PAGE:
• Support service costs. Support service costs were lowest in SWIM. Support service costs in most programs are primarily for child care, and SWIM's program group was composed mostly of parents with children six and older, who did not require levels of child care services as high as those needed at the other sites. Also, SWIM's allowable child care rates during the first year of the program were very low ($1.25 per hour per child). Atlanta's support service costs were much higher than the other programs' costs due to high monthly child care costs, a high number of monthly child care payments, and generous payments made for transportation and other ancillary services.

Costs for Program Activities

Table 4 presents the per-person cost of each major work first program activity for those who participated in that activity. The table is based on data from the work first programs in Florida, Atlanta, Grand Rapids, and Riverside (both GAIN and JOBS). The component costs given in the table include the costs of the activity or service as well as costs for case management to monitor and enforce participation requirements and address barriers to participation. These costs can give you a start in estimating what your own program costs might be, depending on how many people you expect to participate in each component, how long you expect them to participate, and other factors. The range of costs reflects differences across the five programs studied; the third column of the table explains those differences by noting some of the factors that affected the cost of each component.


Welfare-to-work programs do cost the government money, but they can also bring a return on the investment when program participants leave welfare for work. Virtually every program evaluated by MDRC in which job search has been the first component for most participants has been found to be cost-effective from the standpoint of government budgets. The savings from reduced welfare, food stamps, and Medicaid, as well as increased revenue from taxes paid by participants, more than paid for the program. Moreover, close to half of these programs have proven to be very good investments for taxpayers. Within five years, programs in San Diego, Arkansas, and Riverside returned to government between $2.34 and $5.50 per dollar spent.

Table 4

Cost Per Single-Parent Participant for Work First Program Components:

The Range of Costs for Five Programsa

Component       Cost Per Participant      Factors That Affected Costs      

Orientationb          $25-$100              Length of orientation; group size    

Job search            $270-$1,930           Duration of job search; staffing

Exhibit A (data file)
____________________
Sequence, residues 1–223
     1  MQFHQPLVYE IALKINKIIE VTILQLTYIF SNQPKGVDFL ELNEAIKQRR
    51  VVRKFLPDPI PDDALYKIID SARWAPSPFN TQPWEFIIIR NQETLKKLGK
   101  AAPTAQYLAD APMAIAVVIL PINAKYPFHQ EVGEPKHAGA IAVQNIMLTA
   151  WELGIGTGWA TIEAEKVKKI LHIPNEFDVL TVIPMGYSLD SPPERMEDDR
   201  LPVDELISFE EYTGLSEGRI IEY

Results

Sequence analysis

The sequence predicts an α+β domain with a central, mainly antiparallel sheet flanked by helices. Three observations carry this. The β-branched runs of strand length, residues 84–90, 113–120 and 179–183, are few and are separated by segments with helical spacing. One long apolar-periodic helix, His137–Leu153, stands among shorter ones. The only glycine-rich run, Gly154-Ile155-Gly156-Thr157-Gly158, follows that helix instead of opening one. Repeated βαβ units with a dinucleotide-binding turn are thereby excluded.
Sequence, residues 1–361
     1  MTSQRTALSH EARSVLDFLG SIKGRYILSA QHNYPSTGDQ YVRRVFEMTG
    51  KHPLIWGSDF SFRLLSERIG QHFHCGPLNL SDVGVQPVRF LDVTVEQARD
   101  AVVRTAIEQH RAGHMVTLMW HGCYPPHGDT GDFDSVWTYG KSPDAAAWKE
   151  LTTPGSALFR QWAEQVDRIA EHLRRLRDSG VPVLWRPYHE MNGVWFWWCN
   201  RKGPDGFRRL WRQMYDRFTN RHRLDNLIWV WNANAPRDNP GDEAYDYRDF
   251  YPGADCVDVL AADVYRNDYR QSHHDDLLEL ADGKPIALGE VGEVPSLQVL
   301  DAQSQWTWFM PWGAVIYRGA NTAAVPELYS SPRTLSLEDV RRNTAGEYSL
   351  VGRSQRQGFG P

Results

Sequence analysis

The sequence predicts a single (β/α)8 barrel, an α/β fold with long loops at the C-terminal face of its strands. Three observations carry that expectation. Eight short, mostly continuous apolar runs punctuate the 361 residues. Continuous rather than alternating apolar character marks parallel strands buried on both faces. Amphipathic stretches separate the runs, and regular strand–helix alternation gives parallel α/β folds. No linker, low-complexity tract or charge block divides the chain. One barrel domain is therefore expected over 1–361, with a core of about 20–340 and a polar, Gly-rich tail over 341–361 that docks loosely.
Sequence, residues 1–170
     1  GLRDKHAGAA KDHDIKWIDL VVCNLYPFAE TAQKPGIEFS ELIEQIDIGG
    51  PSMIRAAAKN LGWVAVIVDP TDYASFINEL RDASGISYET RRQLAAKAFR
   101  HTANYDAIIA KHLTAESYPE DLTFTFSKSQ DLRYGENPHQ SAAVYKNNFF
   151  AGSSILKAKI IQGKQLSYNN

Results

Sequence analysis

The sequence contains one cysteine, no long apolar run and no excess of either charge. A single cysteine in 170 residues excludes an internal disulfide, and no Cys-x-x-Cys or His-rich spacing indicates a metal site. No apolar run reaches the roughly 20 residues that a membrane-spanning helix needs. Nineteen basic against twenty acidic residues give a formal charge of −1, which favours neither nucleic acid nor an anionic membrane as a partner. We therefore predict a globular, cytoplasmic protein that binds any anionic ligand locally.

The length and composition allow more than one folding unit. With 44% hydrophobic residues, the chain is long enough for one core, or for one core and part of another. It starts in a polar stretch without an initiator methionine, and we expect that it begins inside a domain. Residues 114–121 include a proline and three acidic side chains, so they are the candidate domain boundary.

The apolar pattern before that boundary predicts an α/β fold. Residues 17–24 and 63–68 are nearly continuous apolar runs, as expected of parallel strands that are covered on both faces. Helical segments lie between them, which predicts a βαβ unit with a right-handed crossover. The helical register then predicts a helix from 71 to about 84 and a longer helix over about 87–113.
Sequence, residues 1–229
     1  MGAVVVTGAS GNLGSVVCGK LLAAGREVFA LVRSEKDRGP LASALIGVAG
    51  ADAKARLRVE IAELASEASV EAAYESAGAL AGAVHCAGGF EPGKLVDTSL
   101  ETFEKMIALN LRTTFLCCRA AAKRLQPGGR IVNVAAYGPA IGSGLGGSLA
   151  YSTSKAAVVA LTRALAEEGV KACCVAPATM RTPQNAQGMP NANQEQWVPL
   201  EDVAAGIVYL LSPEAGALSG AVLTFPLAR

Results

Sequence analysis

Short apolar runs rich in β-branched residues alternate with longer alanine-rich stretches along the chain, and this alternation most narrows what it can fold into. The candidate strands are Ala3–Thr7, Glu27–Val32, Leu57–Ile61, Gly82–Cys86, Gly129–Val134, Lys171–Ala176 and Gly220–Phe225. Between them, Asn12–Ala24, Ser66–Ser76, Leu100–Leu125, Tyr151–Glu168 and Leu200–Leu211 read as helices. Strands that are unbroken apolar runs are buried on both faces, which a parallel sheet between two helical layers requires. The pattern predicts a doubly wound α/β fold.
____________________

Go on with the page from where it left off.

and group size                       

Basic education       $1,610-$4,365         Duration of education; class size;   
                                            providers used                       

Vocational training   $4,395-$6,980         Duration of education or training;   
and college                                 class size; providers used           

Work experience       $340-$1,400           Duration of activity; intensity of   
or on-the-job                               supervision                          

Child cared           $435-$2,250           Length of participation; type of     
                                            care; age of children; local market  

Transportatione       $65-$125              Type of transportation; extent of    

Other support         $105-$115             What is covered (e.g., uniforms,     
servicese                                   books, equipment, registration and   
                                            licensing fees)                      

SOURCES: Kemple, Friedlander, and Fellerath, 1995; Hamilton and Friedlander, 1989; Riccio, Friedlander, and Freedman, 1994; U.S. Department of Health and Human Services and U.S. Department of Education (prepared by Hamilton, Brock, Farrell, Friedlander, and Harknett), forthcoming.

aCosts are two- to three-year costs for single-parent AFDC recipients and are in 1993 dollars. Note that this table uses a different base than does Table 3. Table 3 presents the cost per program group member, including both those who did and those who did not participate in program activities. Table 4, in contrast, presents the cost for each person who actually participated in the program activity cited. As noted below, costs of some components for some sites are not included; this is because of small sample sizes or because comparable estimates were not available.

bNot including Riverside GAIN.

cNot including Riverside JOBS. Another study in seven sites found a similar range of per-participant costs for unpaid work experience that generally lasted three to six months. On the basis of that study, MDRC estimated that it would cost between $2,000 and $4,000 annually (excluding child care costs) to keep a work experience position filled for a year. See Brock, Butler, and Long, 1993.

dNot including Florida.

eNot including Florida or Grand Rapids.